Research Highlights

Visualizing Biological Specimens at Nanometer Scale Using a New Automated, More Detailed Method

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The ability to locate and visualize proteins and macromolecular complexes in cells and tissues in 3D high resolution continues to be a challenge in biomedical studies. Various techniques and tools are key to this work. For example, light microscopy uses fluorescent labels to track elements of interest, but it provides an incomplete view, including only the distribution of the labeled elements. Researchers who want to collect more comprehensive 3D datasets at higher-resolution use electron microscopic tomography (EMT) to visualize all structures in the cellular or subcellular domain under investigation. However, EMT remains a relatively complicated method. To obtain 3D reconstructions of biological samples (tissue or cell monolayer), which are typically embedded in plastic, semi-thin sections must be sliced by ultramicrotomy, then imaged at different sample orientations, yielding a comprehensive set of 2D digital electron micrographs. These micrographs are then processed through a workflow to create the final 3D volume for analysis.

The National Center for Microscopy and Imaging Research (NCMIR) has long been known for its state-of- the-art work in EMT, in particular developing a framework designed to correct for imperfections due to electron microscope optics and distortions arising from the sample warping. All this enables fine 3D reconstructions of biological specimens.

In collaboration with the National Biomedical Computation Resoruce (NIGMS P41), the NCMIR team has developed a novel automated method for multi-tilt data acquisition allowing for a greater number of views of a sample of interest at many different orientations than has been possible in the past. This is achievable because acquiring a large amount of data for plastic-embedded samples, does not affect the sample integrity as long as the electron beam dose-rate is maintained low. The reconstruction space can be sampled in a more refined way with respect to traditional methods, leading to improved quality in the 3D representation. This methodology makes it easier to visualize and analyze the details of biological structures around the nanometer scale. In fact, by accumulating large numbers of lower-dose electron micrographs, the contrast in the final reconstruction is greatly enhanced such that mild staining protocols are sufficient, and allows distinguishing more molecular details.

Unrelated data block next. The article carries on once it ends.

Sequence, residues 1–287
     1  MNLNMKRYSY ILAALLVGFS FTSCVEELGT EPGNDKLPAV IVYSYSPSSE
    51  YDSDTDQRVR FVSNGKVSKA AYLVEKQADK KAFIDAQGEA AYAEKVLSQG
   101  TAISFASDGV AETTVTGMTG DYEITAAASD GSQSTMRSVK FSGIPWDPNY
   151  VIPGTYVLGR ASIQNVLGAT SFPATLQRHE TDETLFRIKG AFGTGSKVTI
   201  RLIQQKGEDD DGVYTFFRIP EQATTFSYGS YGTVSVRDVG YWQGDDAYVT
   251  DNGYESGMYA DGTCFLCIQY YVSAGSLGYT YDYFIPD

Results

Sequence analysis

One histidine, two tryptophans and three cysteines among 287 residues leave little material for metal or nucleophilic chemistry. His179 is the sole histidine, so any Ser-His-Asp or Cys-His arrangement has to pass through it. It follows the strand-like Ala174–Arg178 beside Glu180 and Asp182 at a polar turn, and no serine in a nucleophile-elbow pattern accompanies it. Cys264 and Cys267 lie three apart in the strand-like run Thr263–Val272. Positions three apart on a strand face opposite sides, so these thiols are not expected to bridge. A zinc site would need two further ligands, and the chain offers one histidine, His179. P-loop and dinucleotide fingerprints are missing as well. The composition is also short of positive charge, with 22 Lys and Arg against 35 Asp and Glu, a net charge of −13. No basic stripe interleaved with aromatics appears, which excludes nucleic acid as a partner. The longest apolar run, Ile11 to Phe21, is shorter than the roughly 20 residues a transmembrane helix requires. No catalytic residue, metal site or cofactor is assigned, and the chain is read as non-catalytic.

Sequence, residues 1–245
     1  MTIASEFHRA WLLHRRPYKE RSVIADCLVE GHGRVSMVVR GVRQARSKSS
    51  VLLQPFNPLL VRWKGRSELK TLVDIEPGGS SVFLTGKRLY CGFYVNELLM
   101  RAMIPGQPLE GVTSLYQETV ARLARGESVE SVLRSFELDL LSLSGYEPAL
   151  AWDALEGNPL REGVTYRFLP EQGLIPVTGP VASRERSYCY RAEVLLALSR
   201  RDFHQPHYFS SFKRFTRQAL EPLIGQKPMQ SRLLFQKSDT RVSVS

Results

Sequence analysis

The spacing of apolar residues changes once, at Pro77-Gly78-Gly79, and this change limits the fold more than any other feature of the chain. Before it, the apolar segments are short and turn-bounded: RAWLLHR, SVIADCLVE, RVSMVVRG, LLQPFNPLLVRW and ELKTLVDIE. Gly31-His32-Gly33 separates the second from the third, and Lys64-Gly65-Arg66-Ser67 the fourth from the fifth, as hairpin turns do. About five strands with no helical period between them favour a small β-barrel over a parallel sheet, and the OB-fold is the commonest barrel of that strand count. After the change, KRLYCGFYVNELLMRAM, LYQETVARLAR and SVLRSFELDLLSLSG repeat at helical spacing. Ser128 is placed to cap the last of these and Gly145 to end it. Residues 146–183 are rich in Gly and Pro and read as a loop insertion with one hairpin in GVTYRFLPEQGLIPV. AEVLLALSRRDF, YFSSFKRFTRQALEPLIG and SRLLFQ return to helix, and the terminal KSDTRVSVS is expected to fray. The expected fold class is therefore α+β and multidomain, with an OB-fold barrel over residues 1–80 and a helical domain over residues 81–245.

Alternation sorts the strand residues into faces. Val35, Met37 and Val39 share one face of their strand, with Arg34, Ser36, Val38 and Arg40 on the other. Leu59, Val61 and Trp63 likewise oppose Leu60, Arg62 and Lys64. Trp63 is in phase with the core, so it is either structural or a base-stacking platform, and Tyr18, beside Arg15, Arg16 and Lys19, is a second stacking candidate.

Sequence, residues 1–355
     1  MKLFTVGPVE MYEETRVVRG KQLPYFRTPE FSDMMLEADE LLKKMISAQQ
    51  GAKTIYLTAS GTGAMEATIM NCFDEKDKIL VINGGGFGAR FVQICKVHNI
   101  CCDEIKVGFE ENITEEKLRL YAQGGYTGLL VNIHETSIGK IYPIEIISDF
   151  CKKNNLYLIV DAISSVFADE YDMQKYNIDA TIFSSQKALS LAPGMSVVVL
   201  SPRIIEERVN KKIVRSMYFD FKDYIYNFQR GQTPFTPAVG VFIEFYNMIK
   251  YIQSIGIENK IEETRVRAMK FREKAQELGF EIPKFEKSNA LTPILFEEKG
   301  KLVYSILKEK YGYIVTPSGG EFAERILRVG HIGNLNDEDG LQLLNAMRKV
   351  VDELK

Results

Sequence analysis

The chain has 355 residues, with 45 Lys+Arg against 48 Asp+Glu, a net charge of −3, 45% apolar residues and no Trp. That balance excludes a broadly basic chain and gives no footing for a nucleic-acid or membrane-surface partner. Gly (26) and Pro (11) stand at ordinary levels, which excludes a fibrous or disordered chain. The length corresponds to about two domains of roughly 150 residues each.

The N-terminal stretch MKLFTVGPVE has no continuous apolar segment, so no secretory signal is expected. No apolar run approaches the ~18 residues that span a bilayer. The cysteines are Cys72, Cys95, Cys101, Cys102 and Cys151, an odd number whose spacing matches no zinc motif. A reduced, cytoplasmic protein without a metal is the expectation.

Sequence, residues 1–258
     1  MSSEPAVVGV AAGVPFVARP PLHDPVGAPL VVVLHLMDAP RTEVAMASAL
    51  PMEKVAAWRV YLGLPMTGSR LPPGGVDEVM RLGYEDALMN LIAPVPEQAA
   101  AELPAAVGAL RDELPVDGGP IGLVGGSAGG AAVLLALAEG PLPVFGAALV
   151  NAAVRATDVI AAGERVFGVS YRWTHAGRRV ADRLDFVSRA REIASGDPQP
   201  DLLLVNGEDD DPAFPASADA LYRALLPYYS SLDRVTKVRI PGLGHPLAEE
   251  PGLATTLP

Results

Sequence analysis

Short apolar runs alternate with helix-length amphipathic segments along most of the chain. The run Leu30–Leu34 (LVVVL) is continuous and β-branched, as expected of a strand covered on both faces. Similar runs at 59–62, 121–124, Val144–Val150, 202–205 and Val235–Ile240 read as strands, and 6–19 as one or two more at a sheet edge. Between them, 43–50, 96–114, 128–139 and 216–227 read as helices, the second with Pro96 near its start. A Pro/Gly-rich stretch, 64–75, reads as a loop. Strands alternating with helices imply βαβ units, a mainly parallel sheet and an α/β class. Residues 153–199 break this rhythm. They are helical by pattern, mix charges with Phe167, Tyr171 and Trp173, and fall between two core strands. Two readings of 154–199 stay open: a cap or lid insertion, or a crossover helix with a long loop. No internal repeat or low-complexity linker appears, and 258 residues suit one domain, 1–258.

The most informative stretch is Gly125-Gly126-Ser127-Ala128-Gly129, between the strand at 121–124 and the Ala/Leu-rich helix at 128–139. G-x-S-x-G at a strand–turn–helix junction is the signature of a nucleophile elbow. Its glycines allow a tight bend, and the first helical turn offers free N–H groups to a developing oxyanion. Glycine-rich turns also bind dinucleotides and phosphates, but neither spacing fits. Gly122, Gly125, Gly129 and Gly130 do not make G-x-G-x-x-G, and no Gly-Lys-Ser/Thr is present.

In contrast to the traditional single- and double-tilt- series acquisition protocol, this approach requires orienting the sample within the electron beam with a more complex scheme involving wider range of specimen orientations. In the work described here the team used a data-acquisition scheme of 16 tilts. Up to 2,000 micrographs were obtained using an FEI Titan 300-kV microscope outfitted with a 4k x 4k Gatan charge-coupled device camera. By averaging a greater number of tilt series together, artifacts that would normally hamper the reconstruction are reduced as the rays crossing the sample at any point are more evenly distributed from an angular perspective. To reduce the additional complexity of this strategy, the team developed automated procedures for alignment and volume-generation processes, reducing (and even eliminating) the requirement for user input.